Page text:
Stacking and CI
Common optimizations and best practices for your CI and stacking

Before an organization begins stacking, two questions typically arise:

  1. Do I need to update my CI configuration first?

  2. How is stacking going to impact my CI bill?

The first bit of good news is, the following Graphite features all work with your CI configuration out of the box:

  • Stacking

  • Merge all

  • Merge when ready

  • The Graphite Merge Queue

The second bit of good news is stacking itself does not change your CI bill. Organizations with fewer than 10 stackers are unlikely to see any difference.

However, stacking does make your developers more productive: leading them to both make more changes and break up large changes into more PRs; which ultimately means an increased number of CI runs.


Organizations that are still early in stacking are unlikely to need to do any of this.

One of the levers for optimizing CI on stacks is to decide whether you want to run CI on upstack PRs (PRs with a dependency). These PRs may be updated as their dependencies change. Because of that, some organizations wait until all dependencies are merged before running CI.

Configuring upstack CI is dependent on your specific CI provider. For GitHub actions, this is determined by setting the branch target filter for pull request actions:

types: [
# Default pull_request trigger types.
# This clause will prevent upstack PRs from running CI, because
# upstack branches aren't directly based on main.
# To run CI on upstack branches, remove this clause.
branches: [

Choosing whether to run CI upstack is based on the priorities of the organization. Not running CI upstack can save money. However, running CI upstack allows developers to respond to errors more quickly, and can also speed up your engineering organization.

Some organizations believe that this should be left to a developer. You can support this preference by defaulting to not running CI on upstack branches, unless the developer applies a specific label.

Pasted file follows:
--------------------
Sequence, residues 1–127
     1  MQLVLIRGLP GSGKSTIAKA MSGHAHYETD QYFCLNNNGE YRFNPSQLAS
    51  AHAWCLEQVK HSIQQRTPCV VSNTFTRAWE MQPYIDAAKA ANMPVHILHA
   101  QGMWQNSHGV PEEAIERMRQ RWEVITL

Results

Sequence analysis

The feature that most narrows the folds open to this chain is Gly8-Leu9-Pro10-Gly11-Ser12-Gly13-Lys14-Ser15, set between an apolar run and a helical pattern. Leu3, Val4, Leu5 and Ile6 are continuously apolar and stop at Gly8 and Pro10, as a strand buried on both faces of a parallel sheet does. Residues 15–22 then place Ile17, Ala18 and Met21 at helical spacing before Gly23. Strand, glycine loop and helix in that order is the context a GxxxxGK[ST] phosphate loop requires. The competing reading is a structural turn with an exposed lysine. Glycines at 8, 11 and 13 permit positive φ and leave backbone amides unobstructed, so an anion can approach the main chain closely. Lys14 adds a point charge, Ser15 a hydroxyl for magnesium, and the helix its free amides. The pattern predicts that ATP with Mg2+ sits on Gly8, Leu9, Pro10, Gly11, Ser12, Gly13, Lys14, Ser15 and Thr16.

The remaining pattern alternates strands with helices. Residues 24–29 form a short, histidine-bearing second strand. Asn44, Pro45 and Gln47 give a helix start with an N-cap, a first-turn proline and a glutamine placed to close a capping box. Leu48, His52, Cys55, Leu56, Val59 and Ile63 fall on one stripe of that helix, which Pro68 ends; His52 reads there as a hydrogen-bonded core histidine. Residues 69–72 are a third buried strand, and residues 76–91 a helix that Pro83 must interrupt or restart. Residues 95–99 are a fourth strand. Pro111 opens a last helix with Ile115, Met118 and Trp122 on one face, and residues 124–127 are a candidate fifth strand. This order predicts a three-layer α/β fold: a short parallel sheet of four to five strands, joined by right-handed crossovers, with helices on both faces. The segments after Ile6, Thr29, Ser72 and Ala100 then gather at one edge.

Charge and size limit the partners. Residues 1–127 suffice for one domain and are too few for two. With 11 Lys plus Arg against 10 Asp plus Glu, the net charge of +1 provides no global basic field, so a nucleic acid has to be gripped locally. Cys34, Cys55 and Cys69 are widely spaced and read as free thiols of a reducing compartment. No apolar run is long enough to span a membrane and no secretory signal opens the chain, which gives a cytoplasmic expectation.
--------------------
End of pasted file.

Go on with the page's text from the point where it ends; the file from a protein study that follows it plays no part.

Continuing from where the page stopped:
In GitHub actions, this looks like:

runs-on: ...
if: github.ref == 'refs/heads/main' || contains(github.event.pull_request.labels.*.name, '<label_name>')
- ...

If your organization has branch protection rules turned on, and you are not running CI on upstack PRs, you may see upstack PR as “missing required CI”. This is because the CI job that is required has not yet run on that PR (because it’s waiting for dependencies to be merged).

If you want to run CI upstack, but also want to save on CI cost, there are some general CI optimizations to make running CI cheaper.

Google recommends breaking up your tests from one CI job into many which run at different points. One recommended split is:

  • CI that runs on all PRs

  • CI that runs on PRs, excluding upstack

  • CI that runs after PRs merge to main

In GitHub actions, and other providers, you can do this by creating multiple workflows and setting different triggers for them.

If your organization doesn’t already have one set up, a dependency management tool (such as Bazel or Buck) can be really helpful. These tools look at what code changed, and determine which tests need to run as a result. This prevents unnecessary CI runs with stacking by skipping any tests that were unaffected.

In a similar vein, workflow orchestration tools with caching can create a similar effect. For example, Turborepo caches CI results based on the hash of the project’s files. Unlike Bazel and Buck, all tests will still run, but if the input files were unchanged across a stack, the test will hit the cache and make the cost negligible.

Lastly, the Graphite Merge Queue can help you save on CI cost when merging. When merging a stack, the Merge Queue runs CI once on every PR, and if all pass, they all get merged at once.

This is helpful for organizations that merge a lot of stacks.